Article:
Search in the Abstract Database

Search Abstracts 2016

* = Presenting author

P546 Psychiatric disorder, iron deficiency, active disease and female gender are independent risk factors for fatigue in patients with ulcerative colitis

B. Jonefjäll1, 2, M. Simrén1, 3, A. Lasson4, L. Öhman1, 5, H. Strid*1, 4

1Institute of Medicine, Sahlgrenska Academy, University of Gothenburg, Department of Internal Medicine and Clinical Nutrition, Gothenburg, Sweden, 2Department of Internal Medicine, Kungälv Hospital, Kungälv, Sweden, 3University of Gothenburg Centre for Person-Centreed Care (GPCC), Sahlgrenska Academy, University of Gothenburg, Gothenburg, Sweden, 4Department of Internal Medicine, Södra Älvsborgs Hospital, Borås, Sweden, 5Institute of Biomedicine, Sahlgrenska Academy, University of Gothenburg, Department of Microbiology and Immunology, Gothenburg, Sweden


Patients with inflammatory bowel disease often report high levels of fatigue. Fatigue has been correlated with disease activity, perceived stress, quality of sleep, and female gender. Previous studies report no correlation between fatigue and iron deficiency. Our aim was to investigate prevalence and risk factors for fatigue in patients with ulcerative colitis.


Patients with ulcerative colitis (UC) were classified with active disease (n = 133) or deep remission (n = 155). The criteria for deep remission were total Mayo score < 3 (sub-score for endoscopy, rectal bleeding, and PGA = 0) and no flare within 3 months. Flexible sigmoidoscopy was performed in patients with normal rectal mucosa and calprotectin >200 μg/g. Anaemia was defined as haemoglobin < 12.0 g/dL (Female) or <13.0 g/dL (Male), and iron deficiency as ferritin < 30 μg/L or ferritin 30–100 μg/L with elevated transferrinreceptor and/or transferrinsaturation < 16% (< 20% in presence of elevated CRP) in patients with active disease or patients in remission with elevated CRP. Questionnaires were used to assess fatigue (Multiple Fatigue Inventory [MFI]), psychiatric disorder (Hospital Anxiety and Depression scale [HAD]), and quality of life (Inflammatory Bowel Disease Questionnaire [IBDQ]). Levels of calprotectin in stool and CRP and cytokines (IL-6, IL-17, and TNF-α) in serum were analysed.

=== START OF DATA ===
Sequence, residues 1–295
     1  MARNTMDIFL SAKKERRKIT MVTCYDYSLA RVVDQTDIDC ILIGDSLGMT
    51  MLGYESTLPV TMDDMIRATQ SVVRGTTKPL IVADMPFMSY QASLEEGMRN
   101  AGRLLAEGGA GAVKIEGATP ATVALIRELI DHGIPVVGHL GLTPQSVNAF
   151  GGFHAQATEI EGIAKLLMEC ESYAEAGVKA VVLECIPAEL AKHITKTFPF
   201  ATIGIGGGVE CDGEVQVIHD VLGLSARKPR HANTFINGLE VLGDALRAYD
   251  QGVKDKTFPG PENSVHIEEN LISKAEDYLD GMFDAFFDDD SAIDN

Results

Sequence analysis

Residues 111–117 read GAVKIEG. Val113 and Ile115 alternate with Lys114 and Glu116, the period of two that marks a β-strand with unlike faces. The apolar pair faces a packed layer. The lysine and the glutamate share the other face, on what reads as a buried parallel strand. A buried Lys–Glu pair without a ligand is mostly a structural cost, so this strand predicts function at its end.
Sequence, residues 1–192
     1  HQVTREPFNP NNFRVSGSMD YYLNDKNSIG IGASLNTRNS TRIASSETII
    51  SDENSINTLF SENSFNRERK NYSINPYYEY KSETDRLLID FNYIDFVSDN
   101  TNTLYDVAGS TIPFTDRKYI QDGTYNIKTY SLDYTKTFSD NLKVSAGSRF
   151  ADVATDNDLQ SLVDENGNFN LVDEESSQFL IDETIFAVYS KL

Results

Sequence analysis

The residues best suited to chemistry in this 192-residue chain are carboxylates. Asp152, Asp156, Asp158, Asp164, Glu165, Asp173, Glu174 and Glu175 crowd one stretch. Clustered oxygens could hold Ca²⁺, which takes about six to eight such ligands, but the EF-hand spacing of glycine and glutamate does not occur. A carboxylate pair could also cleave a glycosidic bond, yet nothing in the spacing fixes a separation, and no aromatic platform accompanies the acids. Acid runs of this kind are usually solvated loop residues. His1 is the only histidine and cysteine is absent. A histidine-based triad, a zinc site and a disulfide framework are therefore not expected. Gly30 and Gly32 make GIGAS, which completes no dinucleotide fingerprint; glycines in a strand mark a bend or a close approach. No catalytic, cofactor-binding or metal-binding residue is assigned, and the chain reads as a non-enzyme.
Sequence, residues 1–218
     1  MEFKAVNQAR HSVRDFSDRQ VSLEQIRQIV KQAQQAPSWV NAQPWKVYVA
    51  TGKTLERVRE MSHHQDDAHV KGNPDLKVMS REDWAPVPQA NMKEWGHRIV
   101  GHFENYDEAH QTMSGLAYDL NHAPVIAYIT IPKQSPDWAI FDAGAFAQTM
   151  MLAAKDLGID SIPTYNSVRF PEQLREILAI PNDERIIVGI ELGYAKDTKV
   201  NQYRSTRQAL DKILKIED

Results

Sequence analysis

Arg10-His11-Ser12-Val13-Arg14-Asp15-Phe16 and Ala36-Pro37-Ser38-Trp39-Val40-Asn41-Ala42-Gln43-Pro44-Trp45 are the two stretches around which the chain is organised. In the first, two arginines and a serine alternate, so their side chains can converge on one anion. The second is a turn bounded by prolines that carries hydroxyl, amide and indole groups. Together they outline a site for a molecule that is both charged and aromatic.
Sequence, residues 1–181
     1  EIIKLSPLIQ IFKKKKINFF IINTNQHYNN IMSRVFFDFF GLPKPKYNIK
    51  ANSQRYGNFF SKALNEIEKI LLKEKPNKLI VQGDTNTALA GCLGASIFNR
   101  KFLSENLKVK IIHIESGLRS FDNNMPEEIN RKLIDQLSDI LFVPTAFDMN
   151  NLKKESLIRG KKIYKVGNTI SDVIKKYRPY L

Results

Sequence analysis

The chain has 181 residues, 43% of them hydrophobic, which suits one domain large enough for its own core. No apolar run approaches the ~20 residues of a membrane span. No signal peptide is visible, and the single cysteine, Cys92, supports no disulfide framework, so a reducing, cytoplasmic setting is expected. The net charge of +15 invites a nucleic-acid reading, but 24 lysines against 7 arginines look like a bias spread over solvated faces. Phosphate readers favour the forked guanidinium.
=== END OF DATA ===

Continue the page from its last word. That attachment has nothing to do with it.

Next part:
The prevalence of high fatigue (MFI general fatigue ≥ 13) in UC patients with active disease was 52% compared with 26% in UC patients in deep remission (p < 0.001). UC patients with active disease had higher scores on all MFI domains compared with patients in deep remission (p < 0.01). It was more prevalent with female gender and iron deficiency in patients with high fatigue, and these patients had higher disease activity and reported higher levels of anxiety, depression, and decreased quality of life (Table 1). Logistic regression analysis identified independent risk factors for high fatigue as probable psychiatric disorder (HAD total ≥ 13), OR 6.1 (3.1–12.2), p < 0.001; iron deficiency, OR 2.5 (1.2–5.1), p = 0.02; active disease, OR 2.2 (1.2–3.9), p = 0.01; and female gender, OR 2.1 (1.1–3.7), p = 0.02, (R2 = 0.32). There was no difference in inflammatory markers comparing patients in deep remission with and without high fatigue.

UC high fatigue (n = 116)UC low 
fatigue (n = 172)p-value
Years of age, mean (min-ax)39 (19–69)44 (18–73)< 0.01
Female gender, n (%)61 (52)55 (32)< 0.01
Mayo score, mean (SD)3.4 (3.1)1.7 (2.5)< 0.001
Calprotectin (μg/g), median (IQR)112 (27–663)53 (17–190)< 0.01
Anaemia, n (%)7 (6)6 (3)0.39
Iron deficiency, n (%)32 (32)12 (19)< 0.001
HAD total, mean (SD)12.2 (6.9)4.9 (4.5)< 0.001
IBDQ, mean (SD)156 (31)196 (21)< 0.001


Psychiatric disorder, iron deficiency, and active disease are independent risk factors for fatigue in patients with ulcerative colitis. These factors should be investigated and appropriately treated in patients with ulcerative colitis suffering from fatigue.